Combat Cellular Aging by Sitting Less

Combat Cellular Aging by Sitting Less

Just as we age on the outside, the cells in our body age on the inside. One measure of a cell’s age is the length of telomeres inside each cell.  Telomeres are “end caps” on the tips of chromosomes that protect a cell’s chromosomes when it divides. Each time a cell divides, these protective telomeres become shorter. In fact, telomeres shorten by about 1% each year that you live. Once telomeres shorten beyond a certain point, the chromosomes become damaged and the cell enters “old age.” If you’re fortunate enough to have cells with long telomeres, your cells can divide many more times before they become old and die.

Interest in telomeres is strong due to their role in aging. Shortened telomeres are linked not only to aging but with certain disease states including cancer.  How do telomeres relate to whole-body aging? Tissues inside your body age when cells die due to old age and can’t be replaced quickly enough. Geneticists at the University of Utah found shortened telomeres are linked with shorter lifespans and a greater risk for age-related diseases like heart disease.

Sedentary Behavior and Telomeres

If you weren’t blessed with long telomeres are you destined to age poorly? Not necessarily. In fact, a new study shows a simple lifestyle change, sitting less, helps lengthen telomeres. A group of researchers in Great Britain did an interesting experiment. They looked at the blood cells of 49 people in their late 60s. As a group, the participants were overweight and sedentary. Half took part in a structured exercise program while the other half continued their normal level of activity.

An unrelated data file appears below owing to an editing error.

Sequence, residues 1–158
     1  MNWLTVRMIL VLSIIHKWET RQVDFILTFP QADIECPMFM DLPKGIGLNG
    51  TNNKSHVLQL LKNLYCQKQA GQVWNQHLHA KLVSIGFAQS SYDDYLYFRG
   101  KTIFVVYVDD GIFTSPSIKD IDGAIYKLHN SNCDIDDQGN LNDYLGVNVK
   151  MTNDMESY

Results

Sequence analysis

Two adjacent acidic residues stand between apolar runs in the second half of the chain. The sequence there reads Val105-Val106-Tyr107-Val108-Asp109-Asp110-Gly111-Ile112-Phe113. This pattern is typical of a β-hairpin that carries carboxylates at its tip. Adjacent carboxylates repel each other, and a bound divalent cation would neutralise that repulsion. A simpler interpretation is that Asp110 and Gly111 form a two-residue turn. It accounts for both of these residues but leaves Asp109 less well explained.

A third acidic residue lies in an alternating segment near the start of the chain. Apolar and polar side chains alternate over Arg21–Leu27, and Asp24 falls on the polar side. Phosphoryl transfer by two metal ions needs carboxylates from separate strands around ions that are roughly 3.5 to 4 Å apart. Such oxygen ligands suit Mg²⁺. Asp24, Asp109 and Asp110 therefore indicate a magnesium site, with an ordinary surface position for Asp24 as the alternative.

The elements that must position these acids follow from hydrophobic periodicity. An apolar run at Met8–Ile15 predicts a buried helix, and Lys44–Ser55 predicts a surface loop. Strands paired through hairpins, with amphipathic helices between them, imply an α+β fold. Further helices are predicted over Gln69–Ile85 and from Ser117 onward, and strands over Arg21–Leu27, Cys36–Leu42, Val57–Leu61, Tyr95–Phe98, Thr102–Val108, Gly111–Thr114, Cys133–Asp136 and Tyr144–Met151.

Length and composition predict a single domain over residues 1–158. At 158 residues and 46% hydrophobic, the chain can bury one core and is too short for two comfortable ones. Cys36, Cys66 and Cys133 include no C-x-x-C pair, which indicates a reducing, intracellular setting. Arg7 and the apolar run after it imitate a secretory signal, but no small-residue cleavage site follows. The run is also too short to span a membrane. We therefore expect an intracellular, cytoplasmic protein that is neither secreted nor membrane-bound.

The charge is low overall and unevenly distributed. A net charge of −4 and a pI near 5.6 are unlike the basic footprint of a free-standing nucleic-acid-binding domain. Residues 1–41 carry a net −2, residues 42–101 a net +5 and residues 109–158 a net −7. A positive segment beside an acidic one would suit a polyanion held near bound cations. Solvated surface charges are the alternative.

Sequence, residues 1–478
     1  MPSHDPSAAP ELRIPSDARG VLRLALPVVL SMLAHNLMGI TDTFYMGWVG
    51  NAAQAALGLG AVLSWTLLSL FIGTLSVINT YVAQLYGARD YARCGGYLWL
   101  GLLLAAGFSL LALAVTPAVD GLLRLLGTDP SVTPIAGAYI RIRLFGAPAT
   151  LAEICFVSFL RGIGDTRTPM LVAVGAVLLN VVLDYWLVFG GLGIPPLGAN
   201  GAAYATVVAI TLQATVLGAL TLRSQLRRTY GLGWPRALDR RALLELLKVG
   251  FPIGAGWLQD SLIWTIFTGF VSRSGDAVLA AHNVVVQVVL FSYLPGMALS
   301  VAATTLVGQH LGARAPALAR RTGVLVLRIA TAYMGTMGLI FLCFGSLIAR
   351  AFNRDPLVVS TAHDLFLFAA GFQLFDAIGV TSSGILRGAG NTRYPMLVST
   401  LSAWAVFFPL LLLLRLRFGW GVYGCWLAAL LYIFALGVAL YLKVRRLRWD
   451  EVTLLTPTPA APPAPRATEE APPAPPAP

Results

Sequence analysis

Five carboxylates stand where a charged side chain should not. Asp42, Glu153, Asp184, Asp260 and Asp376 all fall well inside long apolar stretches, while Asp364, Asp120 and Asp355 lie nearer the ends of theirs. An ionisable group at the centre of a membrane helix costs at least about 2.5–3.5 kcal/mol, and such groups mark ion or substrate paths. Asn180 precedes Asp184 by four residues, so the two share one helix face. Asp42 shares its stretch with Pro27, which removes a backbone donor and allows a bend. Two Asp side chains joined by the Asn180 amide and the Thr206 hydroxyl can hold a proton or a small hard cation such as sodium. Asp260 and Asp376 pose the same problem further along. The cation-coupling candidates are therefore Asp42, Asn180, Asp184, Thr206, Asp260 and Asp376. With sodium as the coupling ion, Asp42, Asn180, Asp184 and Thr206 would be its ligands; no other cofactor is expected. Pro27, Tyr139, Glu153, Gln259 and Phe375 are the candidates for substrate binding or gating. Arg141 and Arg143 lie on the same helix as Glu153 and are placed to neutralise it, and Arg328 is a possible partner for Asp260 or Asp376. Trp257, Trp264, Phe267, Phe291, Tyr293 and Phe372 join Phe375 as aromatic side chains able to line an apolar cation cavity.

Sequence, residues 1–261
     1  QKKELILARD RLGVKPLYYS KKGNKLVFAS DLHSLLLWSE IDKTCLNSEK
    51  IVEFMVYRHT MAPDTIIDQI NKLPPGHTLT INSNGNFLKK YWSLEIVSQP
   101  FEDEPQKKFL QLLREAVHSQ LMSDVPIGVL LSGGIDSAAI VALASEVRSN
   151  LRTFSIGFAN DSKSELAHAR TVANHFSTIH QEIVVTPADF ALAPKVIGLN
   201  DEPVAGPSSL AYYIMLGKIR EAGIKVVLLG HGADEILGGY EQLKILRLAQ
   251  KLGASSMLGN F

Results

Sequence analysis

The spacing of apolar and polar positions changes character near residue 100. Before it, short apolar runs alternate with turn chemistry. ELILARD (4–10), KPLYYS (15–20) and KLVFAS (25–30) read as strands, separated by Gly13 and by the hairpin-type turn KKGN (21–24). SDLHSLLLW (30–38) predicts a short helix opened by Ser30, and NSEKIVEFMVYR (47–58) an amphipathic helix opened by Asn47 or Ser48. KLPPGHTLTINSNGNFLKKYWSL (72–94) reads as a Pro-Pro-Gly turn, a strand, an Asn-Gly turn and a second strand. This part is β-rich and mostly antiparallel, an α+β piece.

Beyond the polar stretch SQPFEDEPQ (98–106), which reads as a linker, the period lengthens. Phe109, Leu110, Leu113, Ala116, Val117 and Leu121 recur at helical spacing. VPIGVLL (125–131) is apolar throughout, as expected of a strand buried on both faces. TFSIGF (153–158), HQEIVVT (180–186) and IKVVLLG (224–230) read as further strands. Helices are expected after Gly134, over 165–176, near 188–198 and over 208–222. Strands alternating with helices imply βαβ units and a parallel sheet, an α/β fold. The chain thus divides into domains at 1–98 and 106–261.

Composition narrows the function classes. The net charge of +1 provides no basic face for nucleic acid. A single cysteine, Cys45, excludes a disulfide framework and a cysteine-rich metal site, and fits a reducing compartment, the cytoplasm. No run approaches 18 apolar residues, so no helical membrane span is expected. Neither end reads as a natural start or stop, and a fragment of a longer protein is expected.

The researchers closely monitored their activity using a pedometer and measured the amount of time they spent moving around. After looking at their telomeres, they found participants who spent less time sitting experienced a lengthening of their telomeres. In fact, participants who sat less had greater improvements in telomere length than those who took part in a structured exercise program.

This study confirms what a growing body of research shows – sitting too much is unhealthy, regardless of how much structured exercise you do. The benefits of a daily or alternate day workout are well documented, but even if you work out religiously, it’s still important to sit less and move more during the day. If you work a desk job, it’s important to take regular breaks to walk around and stretch. Even better, adapt your work station so you can work standing up. Standing beats sitting when it comes to staying healthy. Plus, you burn 30 to 40 more calories per hour when you stand rather than sit.

 Lifestyle Factors and Cell Aging: How Much Control Do You Have?

Sitting less isn’t the only lifestyle change that impacts telomere length. One study showed men with early prostate cancer who made positive lifestyle changes experienced improvements in telomere length. One such lifestyle change was eating more plant-based foods and fewer refined carbohydrates. Other changes including exercising 6 days a week for 30 minutes and taking part in a stress-reduction program like yoga and meditation. Stress too is a factor in cellular aging.  It’s linked with shortened telomeres.